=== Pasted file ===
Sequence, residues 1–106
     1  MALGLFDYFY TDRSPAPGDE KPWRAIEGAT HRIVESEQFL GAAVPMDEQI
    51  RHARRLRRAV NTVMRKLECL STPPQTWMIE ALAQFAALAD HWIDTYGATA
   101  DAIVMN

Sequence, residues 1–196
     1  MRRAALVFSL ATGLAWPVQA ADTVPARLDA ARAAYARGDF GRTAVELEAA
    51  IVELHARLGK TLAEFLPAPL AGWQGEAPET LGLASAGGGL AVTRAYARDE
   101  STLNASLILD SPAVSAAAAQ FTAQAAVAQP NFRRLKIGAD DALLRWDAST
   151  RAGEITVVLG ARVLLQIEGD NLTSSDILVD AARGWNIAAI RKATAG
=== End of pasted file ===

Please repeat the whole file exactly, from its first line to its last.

Sequence, residues 1–106
     1  MALGLFDYFY TDRSPAPGDE KPWRAIEGAT HRIVESEQFL GAAVPMDEQI
    51  RHARRLRRAV NTVMRKLECL STPPQTWMIE ALAQFAALAD HWIDTYGATA
   101  DAIVMN

Sequence, residues 1–196
     1  MRRAALVFSL ATGLAWPVQA ADTVPARLDA ARAAYARGDF GRTAVELEAA
    51  IVELHARLGK TLAEFLPAPL AGWQGEAPET LGLASAGGGL AVTRAYARDE
   101  STLNASLILD SPAVSAAAAQ FTAQAAVAQP NFRRLKIGAD DALLRWDAST
   151  RAGEITVVLG ARVLLQIEGD NLTSSDILVD AARGWNIAAI RKATAG